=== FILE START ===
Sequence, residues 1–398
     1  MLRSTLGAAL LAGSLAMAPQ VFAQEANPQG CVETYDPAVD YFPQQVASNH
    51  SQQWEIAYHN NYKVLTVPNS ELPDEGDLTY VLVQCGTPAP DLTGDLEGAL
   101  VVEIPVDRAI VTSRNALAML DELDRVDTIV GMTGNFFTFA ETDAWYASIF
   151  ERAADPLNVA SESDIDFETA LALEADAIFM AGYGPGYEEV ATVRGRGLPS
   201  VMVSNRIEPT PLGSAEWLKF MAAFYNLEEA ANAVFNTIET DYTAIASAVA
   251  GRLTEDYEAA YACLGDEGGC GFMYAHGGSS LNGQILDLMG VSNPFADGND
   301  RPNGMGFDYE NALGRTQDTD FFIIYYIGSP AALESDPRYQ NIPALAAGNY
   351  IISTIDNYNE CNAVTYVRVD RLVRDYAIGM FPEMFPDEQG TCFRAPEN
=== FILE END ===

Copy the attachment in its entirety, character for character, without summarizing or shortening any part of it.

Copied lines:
Sequence, residues 1–398
     1  MLRSTLGAAL LAGSLAMAPQ VFAQEANPQG CVETYDPAVD YFPQQVASNH
    51  SQQWEIAYHN NYKVLTVPNS ELPDEGDLTY VLVQCGTPAP DLTGDLEGAL
   101  VVEIPVDRAI VTSRNALAML DELDRVDTIV GMTGNFFTFA ETDAWYASIF
   151  ERAADPLNVA SESDIDFETA LALEADAIFM AGYGPGYEEV ATVRGRGLPS
   201  VMVSNRIEPT PLGSAEWLKF MAAFYNLEEA ANAVFNTIET DYTAIASAVA
   251  GRLTEDYEAA YACLGDEGGC GFMYAHGGSS LNGQILDLMG VSNPFADGND
   301  RPNGMGFDYE NALGRTQDTD FFIIYYIGSP AALESDPRYQ NIPALAAGNY
   351  IISTIDNYNE CNAVTYVRVD RLVRDYAIGM FPEMFPDEQG TCFRAPEN